STEVE INSKEEP, Host:
She grew up Newark, N.J., the oldest of four children. Her parents were immigrants from Europe. As Mary tells her son, Charles, her parents managed a modest life for the family, until an accident changed everything.
MARY VAN BEKE: But when Mama couldn't feed us anymore, she had to place me in a home where I would work for my keep, and I would come home every other Sunday. And this is how we tried to survive.
CHARLES VAN BEKE: How long did you work for that family?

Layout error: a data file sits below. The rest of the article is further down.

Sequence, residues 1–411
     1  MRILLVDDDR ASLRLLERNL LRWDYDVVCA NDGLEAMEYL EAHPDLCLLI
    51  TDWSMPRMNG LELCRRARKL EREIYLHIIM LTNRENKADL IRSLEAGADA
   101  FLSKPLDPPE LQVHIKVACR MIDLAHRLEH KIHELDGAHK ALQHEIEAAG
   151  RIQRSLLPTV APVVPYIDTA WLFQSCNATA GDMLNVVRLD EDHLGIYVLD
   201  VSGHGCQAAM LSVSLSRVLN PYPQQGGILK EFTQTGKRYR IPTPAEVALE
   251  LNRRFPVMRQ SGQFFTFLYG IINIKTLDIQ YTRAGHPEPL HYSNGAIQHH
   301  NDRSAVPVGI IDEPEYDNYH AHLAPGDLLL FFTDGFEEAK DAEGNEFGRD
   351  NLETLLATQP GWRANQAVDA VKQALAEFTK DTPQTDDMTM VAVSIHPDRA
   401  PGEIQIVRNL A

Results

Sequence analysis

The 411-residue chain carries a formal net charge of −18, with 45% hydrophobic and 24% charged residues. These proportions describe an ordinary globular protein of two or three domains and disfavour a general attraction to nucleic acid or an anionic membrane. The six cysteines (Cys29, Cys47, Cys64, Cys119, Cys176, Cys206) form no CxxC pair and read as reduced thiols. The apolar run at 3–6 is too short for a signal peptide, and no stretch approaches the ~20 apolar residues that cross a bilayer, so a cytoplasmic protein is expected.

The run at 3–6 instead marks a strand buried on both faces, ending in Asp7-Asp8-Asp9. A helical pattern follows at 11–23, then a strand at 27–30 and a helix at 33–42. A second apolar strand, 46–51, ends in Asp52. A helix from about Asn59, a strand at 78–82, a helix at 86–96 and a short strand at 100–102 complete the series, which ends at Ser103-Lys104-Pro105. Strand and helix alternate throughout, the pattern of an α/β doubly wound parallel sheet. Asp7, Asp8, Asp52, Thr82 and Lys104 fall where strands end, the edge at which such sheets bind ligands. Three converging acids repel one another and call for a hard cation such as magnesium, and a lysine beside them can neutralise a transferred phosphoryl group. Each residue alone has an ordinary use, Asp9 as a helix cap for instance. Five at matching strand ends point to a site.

VAN BEKE: Two years, 'til I was 16. Mama worked across the street from there, washing clothes. And it was a hot summer day, and she was walking down the street. And I ran to the front door and called her in, to visit with her.
INSKEEP: Don't ever let the help come in the front door. And I said, I don't want to work here then, if my mother can't come in the front door. And I packed my little suitcase and came home. I can remember that so well.
INSKEEP: That's 94-year-old Mary Van Beke with her son Charles at StoryCorps in Knoxville, Tennessee. Their interview will be archived in the StoryCorps collection at the Library of Congress, and you can get the project's Podcast at NPR.org.
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